Jehovah: The name of God or God translated from Hebrew

Anaconda: (Anaconda Copper Mining Company) US owners of copper mine in Chile in the
1920s, was the largest in the world

Banana Republics: Emotive term to describe (Latin American) countries that are
politically unstable, reliant on limited crops for national economics such as bananas and
invariably exploited by land owners and investors.

Trujillo Rafael Ruled Dominican Republic 1930s-1961

Tacho – Paraguay?

Carias – Dictator of Honduras

Martínez Dictator of El Salvador

Ubico - President of Guatemala during the 1930s and 40s.


In the Odes poetry becomes a chronicle for and celebration of everyday living. His poetry while
still concerned with social activism is more centred on the beauty that is found in the lives of
what we normally call ordinary people living ordinary lives.

To match this change, his poetry becomes an instrument of pleasure and is accessible to all.
There is in the odes a desire to reach plain people through the marvel of daily objects such as oil
butter, salt, wine, and bicycles. The conflict between artistic poetry and popular poetry arrives
at a resolution offering both aesthetic and spontaneous enjoyment.

Ode to the onion becomes an object of light whose physical armature is compared to that of a
flower... then he precedes to describe the birth of the onion from the most essential roots in the
earth...the overlooked onion transcends its own dimensions and becomes almost sublime, not
only because it is intrinsically beautiful, but also because it is the essential food of the poor.

Neruda’s technique consists of announcing the object through a series of ennobling
characteristics – the transparency of its skins and the gentle curve of its form – and then adding
to these virtues the sustaining nutritive power of the object in the practical realm.

   -   Written in blank verse, conversational language.
   -   Notes from Marjorie Agosin (1986) Pablo Neruda Twayne Publishers.


His work is at once a chronicle of tumultuous times and the intimate diary of a nomad.
Ilan Stavans (2003)....It was in the mundane that he found his subject matter, and he
wanted to keep his poetry at that level. His strategy is easily summarized in three
words: simplicity, honesty and conviction.

Neruda, the Voice of the people: Poetry for Social Justice
Pablo Neruda is often described as a poet of the people. And it’s easy to
see why. Neruda’s work as a statesman in the communist party of Chile,
during the middle part of the 20th century, made him a political
representative of the people. And this political work (especially
campaigning) put him in contact with all kinds of hard working men and
women. It also challenged him to link his art with the reality of these
peoples’ lives. According to Neruda’s memoir, this political-poetic
awakening came about when the young, country boy from the southern
part of Chile (Temuco) went north, to the city of Santiago, to become a
student and a writer.

“We students supported the rights of the people and were beaten up by
the police in the streets of Santiago. Thousands of jobless nitrate and copper workers flocked to the
capital. The demonstrations and the subsequent repression left a tragic stain on the life of the
country. From that time on, with interruptions now and then, politics became part of my poetry and
my life. In my poems I could not shut the door to the street, just as I could not shut the door to love,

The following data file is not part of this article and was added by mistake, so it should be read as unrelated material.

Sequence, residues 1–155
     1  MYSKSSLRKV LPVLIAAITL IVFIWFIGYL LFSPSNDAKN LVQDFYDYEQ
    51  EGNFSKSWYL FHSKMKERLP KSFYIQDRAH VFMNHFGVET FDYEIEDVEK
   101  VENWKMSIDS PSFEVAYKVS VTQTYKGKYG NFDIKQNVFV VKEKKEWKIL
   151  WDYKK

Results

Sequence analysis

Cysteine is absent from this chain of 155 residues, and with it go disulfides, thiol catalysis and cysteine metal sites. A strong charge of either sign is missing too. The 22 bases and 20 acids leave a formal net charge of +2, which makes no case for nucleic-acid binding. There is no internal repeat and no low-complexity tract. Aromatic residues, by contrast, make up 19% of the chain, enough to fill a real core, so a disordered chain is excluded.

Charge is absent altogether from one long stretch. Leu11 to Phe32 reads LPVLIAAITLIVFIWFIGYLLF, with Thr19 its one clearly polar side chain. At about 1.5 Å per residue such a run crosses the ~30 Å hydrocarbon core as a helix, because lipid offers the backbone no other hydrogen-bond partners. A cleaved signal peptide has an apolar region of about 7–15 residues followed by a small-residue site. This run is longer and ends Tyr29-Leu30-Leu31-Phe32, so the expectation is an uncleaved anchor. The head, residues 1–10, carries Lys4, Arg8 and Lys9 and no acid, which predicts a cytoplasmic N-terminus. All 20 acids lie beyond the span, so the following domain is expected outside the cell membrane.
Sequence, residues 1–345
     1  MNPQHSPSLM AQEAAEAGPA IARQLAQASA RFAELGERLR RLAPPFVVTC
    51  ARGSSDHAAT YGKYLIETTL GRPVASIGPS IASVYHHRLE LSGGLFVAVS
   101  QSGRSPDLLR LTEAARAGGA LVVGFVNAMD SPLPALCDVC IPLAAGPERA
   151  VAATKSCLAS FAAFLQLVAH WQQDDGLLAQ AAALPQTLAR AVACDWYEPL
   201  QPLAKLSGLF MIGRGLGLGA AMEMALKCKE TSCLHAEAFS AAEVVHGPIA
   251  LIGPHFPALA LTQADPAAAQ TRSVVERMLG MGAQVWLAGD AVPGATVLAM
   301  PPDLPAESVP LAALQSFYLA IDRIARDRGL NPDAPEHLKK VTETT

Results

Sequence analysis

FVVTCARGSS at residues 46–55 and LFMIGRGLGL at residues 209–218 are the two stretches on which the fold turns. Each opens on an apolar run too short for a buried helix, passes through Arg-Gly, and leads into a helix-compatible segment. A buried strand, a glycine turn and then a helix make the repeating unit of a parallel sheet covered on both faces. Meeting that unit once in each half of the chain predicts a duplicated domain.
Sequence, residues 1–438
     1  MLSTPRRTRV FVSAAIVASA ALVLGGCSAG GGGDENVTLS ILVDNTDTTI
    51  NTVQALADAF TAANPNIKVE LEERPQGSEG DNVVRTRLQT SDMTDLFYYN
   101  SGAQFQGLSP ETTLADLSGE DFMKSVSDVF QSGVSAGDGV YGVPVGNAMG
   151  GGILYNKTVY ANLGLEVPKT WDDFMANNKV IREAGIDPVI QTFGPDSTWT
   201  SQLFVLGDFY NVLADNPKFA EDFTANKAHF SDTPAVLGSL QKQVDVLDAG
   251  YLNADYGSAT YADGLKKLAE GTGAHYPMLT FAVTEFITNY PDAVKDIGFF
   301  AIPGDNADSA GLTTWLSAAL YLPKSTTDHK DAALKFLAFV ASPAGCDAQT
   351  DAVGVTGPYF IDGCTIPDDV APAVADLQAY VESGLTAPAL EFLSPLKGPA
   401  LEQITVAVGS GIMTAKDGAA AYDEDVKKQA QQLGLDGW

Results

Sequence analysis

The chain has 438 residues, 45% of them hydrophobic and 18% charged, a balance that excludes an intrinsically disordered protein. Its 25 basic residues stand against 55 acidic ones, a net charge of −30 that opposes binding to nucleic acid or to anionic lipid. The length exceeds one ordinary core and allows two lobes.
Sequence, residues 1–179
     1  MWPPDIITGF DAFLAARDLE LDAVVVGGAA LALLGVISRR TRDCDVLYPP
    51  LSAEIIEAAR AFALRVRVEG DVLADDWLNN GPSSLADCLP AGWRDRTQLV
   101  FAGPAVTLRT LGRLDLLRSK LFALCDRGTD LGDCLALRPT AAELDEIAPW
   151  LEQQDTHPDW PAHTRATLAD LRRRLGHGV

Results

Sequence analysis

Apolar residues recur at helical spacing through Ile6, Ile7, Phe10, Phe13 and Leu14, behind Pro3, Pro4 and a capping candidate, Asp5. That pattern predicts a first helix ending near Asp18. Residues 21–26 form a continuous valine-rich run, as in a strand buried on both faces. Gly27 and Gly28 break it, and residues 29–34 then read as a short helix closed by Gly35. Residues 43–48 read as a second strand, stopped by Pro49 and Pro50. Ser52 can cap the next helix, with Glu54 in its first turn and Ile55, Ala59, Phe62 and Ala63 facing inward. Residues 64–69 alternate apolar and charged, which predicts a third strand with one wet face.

life, joy, or sadness in my young poet’s heart.” (Memoirs, 53).

The door remained open his entire life. When he went to Spain to fulfil his duties as the Chilean
consulate, he met the Spanish poet, Garica Lorca. Their literary exchange and camaraderie was
solidified when both became involved in the Spanish civil war, fighting alongside other Spanish
loyalists against the Fascists. Then, one night, Lorca was assassinated. Neruda returned to Chile,

At this point in his political career, he had not yet joined the communist party. So, “because I had
taken part in the defence of the Spanish Republic,” he explains, “the Chilean government decided to
remove me from my post” (126).The punishment only strengthened his resolve. What his government
could not remove was the conviction that “Poetry is an act of peace. Peace goes into the making of a
poet as flour goes into the making of bread” (137). Lorca had been assassinated because he was
fighting for peace. Neruda made it his ambition to use the art of poetry to bring about peace and
love. “I believe I was born not to pass judgment but to love” (Memoirs, 46). Or again: “I go on
believing in the possibility of love. I am convinced that there will be mutual understanding among
human beings, achieved in spite of all the suffering, the blood, the broken glass” (Memoirs, 274).

The essential message of love is not limited to sex. For while Neruda certainly values the erotic
qualities of love and celebrates them, he also relies upon the Christ-like love of forgiveness, mercy,
humility, and strength. He felt people would respond to a poetry as simple as love, as pure as human
desire. And he was right. “I have gone through a difficult apprenticeship and a long search,” he
explains in his Memoirs, “and also through the labyrinths of the written word, to become the poet of
my people. That is my reward, not the books and the poems that have been translated, or the books
written to explicate or to dissect my words. My rewards is the momentous occasion when, from the
depths of the Lota coal mine, a man came up out of the tunnel into the full sunlight on the firey
nitrate field, as if rising out of hell, his face disfigured by his terrible work, his eyes inflamed by the
dust, and stretching his rough hand out to me, a hand whose calluses and lines trace the map of the
pampas, he said to me, his eyes shining: ‘I have known you for a long time, my brother.’ That is the
laurel crown for my poetry, that opening in the bleak pampa from which a worker emerges who has